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Special event celebrates the achievements and the people of Central High School
By Michael Summers
Fort Wayne Reader
Among the icons of “old” Fort Wayne — the city of four or five decades ago, boasting a downtown bustling with commerce, nightlife and industry — one institution looms particularly large: Central High School. The institution closed in 1971, but the building is still there (now home to the Anthis Career Center), and it’s an imposing structure, a testament to the school’s almost monolithic reputation in its day as an academic and athletic powerhouse.
And to hear Bryant Rozier tell it, Central’s legacy remains strong to this day, some 40 + years after the school closed. Rozier’s design and production company, Scrambled Egg(s), is partnering with the African / African American Historical Society and Museum to celebrate the legacy of the school, reviving the dormant Central High School All-Year Festival on April 25.
To mark the event, Scrambled Egg(s) is also releasing a book called What If Central High School Never Closed? that features interviews from Central High School alumni and friends.
The event will also include a play-by-play recreation of the 1960 State Championship semi-final, a nail-biter of a game that saw Central lose by one point to a team from East Chicago. The original game was recorded without sound; using interviews with players on the ’60 team, Rozier is creating play-by-play commentary, with assistance from 21 Alive’s Kent Hormann.
The project began as a sort of “labor of love” for Rozier. Rozier himself is too young to have experienced Central, but his father was an alumnist, a star basketball player and part of the Class of ’61. While working on a different project with the African / African American Historical Society and Museum, Rozier mentioned that his father had played basketball at Central. Dr John Aden, the director of the Museum, told Rozier about the museum’s huge collection of Central yearbooks. “They just happened to have my dad's senior year,” says Rozier. “I had never seen that book before... He died from diabetes, so seeing him at age 17 was transformative. My father was always proud of his Central roots. With this project, I’ve learned more about why my father raised me and my five sisters the way he did. I don’t know where his world view was formed, but it was definitely nurtured and encouraged at Central. I wanted to share that feeling with other people. I couldn't be the only person to feel that way.”
“It kind of just evolved from there,” Rozier continues. “Everything we've developed has been from a historical perspective, preserving the legacy of the school and the community around it.”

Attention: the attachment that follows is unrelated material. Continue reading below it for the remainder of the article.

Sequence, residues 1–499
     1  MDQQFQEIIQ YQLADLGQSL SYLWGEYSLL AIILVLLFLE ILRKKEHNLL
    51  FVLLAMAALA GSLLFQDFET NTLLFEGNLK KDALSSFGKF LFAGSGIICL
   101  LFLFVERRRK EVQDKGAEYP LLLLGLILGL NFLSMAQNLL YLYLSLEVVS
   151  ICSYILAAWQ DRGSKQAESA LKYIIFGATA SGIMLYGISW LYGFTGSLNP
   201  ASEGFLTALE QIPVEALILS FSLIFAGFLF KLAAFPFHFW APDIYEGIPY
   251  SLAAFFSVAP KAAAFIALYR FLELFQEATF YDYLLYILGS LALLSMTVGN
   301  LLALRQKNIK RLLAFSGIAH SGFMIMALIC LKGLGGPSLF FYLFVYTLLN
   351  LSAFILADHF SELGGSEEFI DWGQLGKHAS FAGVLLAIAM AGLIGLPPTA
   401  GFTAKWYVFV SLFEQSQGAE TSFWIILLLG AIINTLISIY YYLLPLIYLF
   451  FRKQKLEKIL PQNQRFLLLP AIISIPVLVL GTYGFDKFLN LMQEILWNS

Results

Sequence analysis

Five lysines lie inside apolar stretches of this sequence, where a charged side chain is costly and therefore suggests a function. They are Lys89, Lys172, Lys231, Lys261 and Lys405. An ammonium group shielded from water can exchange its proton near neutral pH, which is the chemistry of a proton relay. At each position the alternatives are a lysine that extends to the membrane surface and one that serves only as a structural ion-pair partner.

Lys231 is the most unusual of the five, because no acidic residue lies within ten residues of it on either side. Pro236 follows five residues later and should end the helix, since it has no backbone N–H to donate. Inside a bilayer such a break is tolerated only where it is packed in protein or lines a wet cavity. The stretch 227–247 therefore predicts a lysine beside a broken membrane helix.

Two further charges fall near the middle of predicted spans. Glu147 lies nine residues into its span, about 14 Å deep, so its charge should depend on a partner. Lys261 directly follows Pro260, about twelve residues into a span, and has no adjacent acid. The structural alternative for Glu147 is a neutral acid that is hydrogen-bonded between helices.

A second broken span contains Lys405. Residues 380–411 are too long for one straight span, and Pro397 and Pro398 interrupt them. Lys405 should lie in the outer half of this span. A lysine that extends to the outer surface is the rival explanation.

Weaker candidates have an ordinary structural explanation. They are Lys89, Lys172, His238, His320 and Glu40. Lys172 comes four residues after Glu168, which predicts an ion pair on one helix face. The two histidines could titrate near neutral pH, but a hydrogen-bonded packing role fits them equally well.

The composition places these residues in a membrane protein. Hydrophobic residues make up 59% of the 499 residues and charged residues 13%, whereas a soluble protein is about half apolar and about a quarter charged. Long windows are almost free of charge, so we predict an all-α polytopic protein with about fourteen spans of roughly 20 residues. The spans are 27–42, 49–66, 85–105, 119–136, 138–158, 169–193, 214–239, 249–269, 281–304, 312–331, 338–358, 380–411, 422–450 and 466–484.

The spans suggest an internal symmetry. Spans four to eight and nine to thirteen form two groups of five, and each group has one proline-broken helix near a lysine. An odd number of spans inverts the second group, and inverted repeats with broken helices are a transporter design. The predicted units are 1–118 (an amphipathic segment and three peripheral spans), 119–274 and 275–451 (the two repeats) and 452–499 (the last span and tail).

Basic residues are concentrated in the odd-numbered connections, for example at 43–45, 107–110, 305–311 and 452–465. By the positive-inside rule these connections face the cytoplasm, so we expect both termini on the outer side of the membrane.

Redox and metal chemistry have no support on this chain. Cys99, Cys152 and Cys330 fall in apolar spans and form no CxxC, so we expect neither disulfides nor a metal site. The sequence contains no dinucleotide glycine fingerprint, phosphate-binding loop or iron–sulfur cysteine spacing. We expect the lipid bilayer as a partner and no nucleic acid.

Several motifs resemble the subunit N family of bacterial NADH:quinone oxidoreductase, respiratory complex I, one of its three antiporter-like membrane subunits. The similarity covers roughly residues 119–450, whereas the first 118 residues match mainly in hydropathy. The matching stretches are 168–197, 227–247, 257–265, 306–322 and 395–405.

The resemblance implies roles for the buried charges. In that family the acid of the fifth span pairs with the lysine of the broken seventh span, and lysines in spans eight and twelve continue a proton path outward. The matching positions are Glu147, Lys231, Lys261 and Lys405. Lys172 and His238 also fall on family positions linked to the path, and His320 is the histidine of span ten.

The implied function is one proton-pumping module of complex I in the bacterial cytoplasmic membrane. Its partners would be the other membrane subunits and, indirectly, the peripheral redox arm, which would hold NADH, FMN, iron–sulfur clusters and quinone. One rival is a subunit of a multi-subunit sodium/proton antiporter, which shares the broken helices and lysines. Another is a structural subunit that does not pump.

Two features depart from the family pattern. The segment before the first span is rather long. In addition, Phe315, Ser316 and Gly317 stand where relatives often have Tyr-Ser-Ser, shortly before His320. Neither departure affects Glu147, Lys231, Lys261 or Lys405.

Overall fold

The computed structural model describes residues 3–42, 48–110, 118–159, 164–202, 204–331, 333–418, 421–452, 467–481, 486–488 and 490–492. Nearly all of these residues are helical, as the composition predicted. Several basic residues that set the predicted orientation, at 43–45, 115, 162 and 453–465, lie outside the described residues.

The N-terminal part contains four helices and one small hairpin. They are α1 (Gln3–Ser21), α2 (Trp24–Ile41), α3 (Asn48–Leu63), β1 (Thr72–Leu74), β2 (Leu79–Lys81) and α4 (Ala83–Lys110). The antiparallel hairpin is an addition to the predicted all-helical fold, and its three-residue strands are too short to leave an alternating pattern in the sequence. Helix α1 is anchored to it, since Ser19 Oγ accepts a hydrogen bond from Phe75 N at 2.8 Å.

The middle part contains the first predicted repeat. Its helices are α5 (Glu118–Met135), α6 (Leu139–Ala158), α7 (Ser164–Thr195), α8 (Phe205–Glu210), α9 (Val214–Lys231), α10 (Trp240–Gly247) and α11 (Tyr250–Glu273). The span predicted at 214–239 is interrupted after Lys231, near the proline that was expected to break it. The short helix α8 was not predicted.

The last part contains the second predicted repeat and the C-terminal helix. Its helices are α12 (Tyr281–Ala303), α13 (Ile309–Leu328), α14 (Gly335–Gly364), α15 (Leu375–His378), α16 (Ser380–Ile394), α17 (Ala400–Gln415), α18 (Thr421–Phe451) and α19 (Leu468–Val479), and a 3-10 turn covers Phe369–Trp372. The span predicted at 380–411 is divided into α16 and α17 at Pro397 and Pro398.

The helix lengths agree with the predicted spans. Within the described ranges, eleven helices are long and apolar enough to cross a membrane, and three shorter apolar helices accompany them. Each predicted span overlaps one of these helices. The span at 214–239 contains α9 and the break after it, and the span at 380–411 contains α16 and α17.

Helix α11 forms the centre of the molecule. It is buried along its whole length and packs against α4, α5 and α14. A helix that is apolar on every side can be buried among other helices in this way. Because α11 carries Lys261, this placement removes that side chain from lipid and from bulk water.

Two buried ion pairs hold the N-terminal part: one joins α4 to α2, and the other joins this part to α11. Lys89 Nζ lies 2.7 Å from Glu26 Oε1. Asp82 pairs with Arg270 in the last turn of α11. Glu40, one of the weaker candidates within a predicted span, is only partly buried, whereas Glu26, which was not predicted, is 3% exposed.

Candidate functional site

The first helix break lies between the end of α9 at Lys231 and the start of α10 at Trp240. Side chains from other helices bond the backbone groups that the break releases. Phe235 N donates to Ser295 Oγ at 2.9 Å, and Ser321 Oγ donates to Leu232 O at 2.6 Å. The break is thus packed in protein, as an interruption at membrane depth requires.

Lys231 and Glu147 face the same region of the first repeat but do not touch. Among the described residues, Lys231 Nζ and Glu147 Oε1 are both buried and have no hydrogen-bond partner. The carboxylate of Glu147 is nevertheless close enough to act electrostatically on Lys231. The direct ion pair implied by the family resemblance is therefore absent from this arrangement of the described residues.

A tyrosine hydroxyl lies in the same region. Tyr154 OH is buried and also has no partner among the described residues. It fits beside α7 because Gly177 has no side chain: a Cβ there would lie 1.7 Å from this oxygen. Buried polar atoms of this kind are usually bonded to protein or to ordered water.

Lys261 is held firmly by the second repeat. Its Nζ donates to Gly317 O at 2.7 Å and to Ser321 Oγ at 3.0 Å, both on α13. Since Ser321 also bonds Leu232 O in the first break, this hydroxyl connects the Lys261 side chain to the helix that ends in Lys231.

Certainly not. As Rozier writes, the thousands of friendships created at Central and the achievements of the school in its prime are the stuff of area folklore and legend, and the interviews in the book make a strong case that that’s more than just nostalgia talking.
Dr Aden says that though Rozier did the bulk of the interviews with alumni, his involvement with the project has been eye-opening. “Central High School graduates are fiercely loyal to this school. Fiercely. I’ve never seen anything like this,” he says. “I would also say that the Central graduates who have spoken to me reflect on their own labor histories in powerful ways; they recall how what they learned at that school translated into work opportunities for them and their families. These former students strike me as very independent.”
One of the interviewees in the book, muffler shop owner Albert “Butch” Thomas (’64) credits Central with first teaching him body work, and developing his work ethic. “Central taught me a lot of things: to look beyond today, to prepare yourself for the future by encouraging us to stay on course. Central taught me to be anything I wanted, that the road is out there to do whatever you wanted. Central had its people that were doing the wrong thing, you know… But we were also taught...if you hang with dogs, you get fleas. Whatever you want is here.”
”Central taught me to be a man, taught me how to respect others,” Thomas continues. “The memories of Central will be there ‘til I die. And prejudices? We didn’t have any black teachers at Central, but the teachers were good. People say white people don’t want you to be doing this or that, but I couldn’t say that about our teachers.”